Thursday, December 19, 2019

Star Wars: The Rise of Skywalker Spoiler Adoption Movie Guide

Adoption issues have been present throughout the Star Wars series – Luke Skywalker lives under misconceptions about his birth father, then believes he must oppose him, and finally reconciles with him. Luke and Leia meet as strangers (and love interests) and later learn that they are siblings. In the most recent movies, we meet Rey, a young woman with no family connection, and no last name. We meet Kylo Ren, who has turned away from his birth parents and birth name in favor of the destiny he believes awaits him because of his ancestry. In Star Wars: The Rise of Skywalker, the galaxy faces an ultimate threat, while Kylo and Rey both wrestle with deep questions of identity. What determines someone’s identity? Is your future determined by your ancestry or by your choices? The age-old question of nature between nurture is explored among lightsaber duels and starships in a galaxy far, far away.

(Spoilers ahead the rest of the way – I’ll try to avoid fully disclosing important plot points, but it might be impossible to analyze the movie without alluding to any plot points.)

The Adoption Connection

Several prominent characters in the Star Wars universe are either adopted or are dealing with issues relevant to adoption. In this movie, Rey and Kylo struggle with parallel questions of identity: who are you? Does knowing your heritage determine your future? How important is a name?
And how important is your story. One character appears to hold information over Rey, saying “I need you to see who you are; I know the rest of your story.”

The question of Rey’s full name is raised twice in the movie. Her initial answer is that she doesn’t have a last name. When the question resurfaces later in the film her answer is incredibly powerful.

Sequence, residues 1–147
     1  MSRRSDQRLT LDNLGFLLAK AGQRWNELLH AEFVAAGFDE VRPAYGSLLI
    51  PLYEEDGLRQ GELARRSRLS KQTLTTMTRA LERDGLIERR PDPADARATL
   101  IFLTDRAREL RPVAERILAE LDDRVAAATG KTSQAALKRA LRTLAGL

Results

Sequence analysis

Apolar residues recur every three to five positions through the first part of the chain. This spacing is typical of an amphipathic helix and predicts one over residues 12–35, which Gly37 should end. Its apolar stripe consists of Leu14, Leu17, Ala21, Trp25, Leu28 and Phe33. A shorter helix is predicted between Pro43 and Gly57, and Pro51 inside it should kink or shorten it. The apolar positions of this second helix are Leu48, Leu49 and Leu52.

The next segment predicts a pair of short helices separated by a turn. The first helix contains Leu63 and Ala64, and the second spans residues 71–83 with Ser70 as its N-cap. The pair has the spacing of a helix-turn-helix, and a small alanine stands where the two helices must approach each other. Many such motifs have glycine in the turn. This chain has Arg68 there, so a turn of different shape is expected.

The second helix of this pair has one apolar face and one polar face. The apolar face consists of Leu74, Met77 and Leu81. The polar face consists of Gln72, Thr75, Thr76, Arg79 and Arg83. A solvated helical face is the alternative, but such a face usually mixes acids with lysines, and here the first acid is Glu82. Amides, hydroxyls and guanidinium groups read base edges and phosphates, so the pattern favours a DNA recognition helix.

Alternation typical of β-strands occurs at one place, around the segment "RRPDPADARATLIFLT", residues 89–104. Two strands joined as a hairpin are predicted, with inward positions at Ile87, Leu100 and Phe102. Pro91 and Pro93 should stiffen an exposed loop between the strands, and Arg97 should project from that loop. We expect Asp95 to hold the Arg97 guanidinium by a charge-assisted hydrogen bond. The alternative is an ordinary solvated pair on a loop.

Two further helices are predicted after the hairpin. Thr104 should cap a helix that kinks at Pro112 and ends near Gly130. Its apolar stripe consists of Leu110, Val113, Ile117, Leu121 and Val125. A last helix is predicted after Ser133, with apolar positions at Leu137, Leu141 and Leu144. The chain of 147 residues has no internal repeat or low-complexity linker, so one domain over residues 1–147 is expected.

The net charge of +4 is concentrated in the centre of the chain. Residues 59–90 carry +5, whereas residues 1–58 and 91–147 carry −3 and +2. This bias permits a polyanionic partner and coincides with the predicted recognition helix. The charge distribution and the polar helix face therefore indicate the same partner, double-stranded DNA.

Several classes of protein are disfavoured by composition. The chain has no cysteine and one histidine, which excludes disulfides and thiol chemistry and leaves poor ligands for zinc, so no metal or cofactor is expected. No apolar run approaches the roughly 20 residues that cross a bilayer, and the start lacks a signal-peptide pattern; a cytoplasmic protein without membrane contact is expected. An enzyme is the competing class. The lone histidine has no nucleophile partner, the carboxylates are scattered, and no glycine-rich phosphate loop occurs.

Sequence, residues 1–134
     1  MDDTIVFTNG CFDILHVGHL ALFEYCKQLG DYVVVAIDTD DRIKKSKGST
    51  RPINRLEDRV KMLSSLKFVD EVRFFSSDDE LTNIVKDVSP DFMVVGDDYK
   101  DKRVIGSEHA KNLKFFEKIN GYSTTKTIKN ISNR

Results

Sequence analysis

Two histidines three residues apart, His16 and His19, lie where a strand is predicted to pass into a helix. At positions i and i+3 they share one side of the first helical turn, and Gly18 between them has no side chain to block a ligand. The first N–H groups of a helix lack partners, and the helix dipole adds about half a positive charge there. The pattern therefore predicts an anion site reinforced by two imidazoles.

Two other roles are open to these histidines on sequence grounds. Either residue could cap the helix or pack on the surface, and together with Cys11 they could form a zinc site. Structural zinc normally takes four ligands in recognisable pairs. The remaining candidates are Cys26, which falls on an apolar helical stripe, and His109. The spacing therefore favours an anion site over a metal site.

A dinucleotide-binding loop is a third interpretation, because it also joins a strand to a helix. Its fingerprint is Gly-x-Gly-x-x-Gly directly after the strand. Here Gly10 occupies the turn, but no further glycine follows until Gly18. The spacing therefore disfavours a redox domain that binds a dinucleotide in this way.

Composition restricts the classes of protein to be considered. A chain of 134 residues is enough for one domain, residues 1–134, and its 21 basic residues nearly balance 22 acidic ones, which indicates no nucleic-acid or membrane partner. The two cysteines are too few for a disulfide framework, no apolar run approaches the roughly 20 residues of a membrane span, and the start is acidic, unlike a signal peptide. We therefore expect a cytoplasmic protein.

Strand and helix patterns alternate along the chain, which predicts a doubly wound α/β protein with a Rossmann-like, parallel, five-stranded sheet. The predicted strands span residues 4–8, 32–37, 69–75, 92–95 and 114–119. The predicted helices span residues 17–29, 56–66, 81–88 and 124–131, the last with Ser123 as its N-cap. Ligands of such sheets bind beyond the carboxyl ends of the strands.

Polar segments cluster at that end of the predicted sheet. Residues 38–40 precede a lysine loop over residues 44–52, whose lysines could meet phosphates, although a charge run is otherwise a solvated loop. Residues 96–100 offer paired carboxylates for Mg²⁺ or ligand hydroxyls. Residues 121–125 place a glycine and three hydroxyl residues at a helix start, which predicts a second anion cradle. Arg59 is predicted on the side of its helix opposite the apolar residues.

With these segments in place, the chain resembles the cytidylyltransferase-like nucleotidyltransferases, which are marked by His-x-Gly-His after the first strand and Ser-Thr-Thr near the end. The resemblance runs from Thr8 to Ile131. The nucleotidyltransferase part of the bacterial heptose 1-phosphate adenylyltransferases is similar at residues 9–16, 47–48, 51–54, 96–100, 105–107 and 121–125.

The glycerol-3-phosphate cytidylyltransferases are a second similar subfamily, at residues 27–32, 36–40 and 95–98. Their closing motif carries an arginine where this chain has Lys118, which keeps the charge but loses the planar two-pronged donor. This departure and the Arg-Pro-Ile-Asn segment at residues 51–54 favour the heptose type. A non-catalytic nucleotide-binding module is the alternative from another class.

One character was badly mistreated at home; he finds himself surrounded by safe people, but initially backs away from them nervously. A friendly character assures him, “Someone treated you badly; you’re with us now,” and he makes some improvement, but his fear appears to remain constant.
A character struggles with whether broken relationships can be restored. Another character’s family loyalties are tested in a way that could be relevant to some adoptees.

Strong Points

In several ways, the adoption-relevant story elements are resolved in ways that seem positive and affirming for most adoptees.

“Some things are stronger than blood” could be a validating statement for some adoptees.
Although Rey has spent much of her younger years without family, it’s clear that she has found a new family made of the friends that have grown to love her. Some of the closest bonds don’t depend on genealogy.

Characters make good decisions when faced with hard, impactful decisions. Characters act selflessly.


I can imagine that some children who are fearful of abusive relatives that they lived with in the past might see some of their deeper fears reflected in some aspects of this movie. Families in the Star Wars universe are often plagued by separation and violence. Luke was estranged from his father, then fought him, each badly injuring the other. Earlier in this trilogy, Kylo Ren killed his father. In this film, there is potential for estranged relatives to cause each other serious physical harm.

A child calls after their departing mother, screaming in terror.

A common theme in movies is parents separating themselves from their child for the child’s own good. In many movies, this is a plot device which portrays the absent parent as noble, but also leaves the child relatively free to make complete, whole attachments to their new family. In this movie, a child has been “sold” away from their parents. For real life adoptees, this is probably an oversimplification of most stories, and it’s certainly different from the experience of kids adopted from foster care after experiencing abuse or neglect.
Rey believes for a time that no one truly knows her.


Star Wars: The Rise of Skywalker is a fitting, satisfying end to the recent trilogy of films, and does a moderately fair job of concluding the saga.  The action, violence, and struggles of the film seem to suit it best for an audience of ages 11 or 12 and up. Preteens and teens might also notice the parallels between the film and their own story, and it could be helpful to them to have parents ask what they thought about elements of the film that seem most relevant.

Questions for Discussions

What do you think of the last question and answer in the film?

What part does ancestry play in someone’s life? What parts are free will? How do you see that in Rey and in Kylo? How does that match up to what you think about real life?

Welcome to Adoption at the Movies. If this is your first time, I’m glad to meet you. If you’ve been a longtime reader, you probably know that this is our first post in a long time. I'm not sure how often I'll post, but it's good to be back, and thanks for sticking around!

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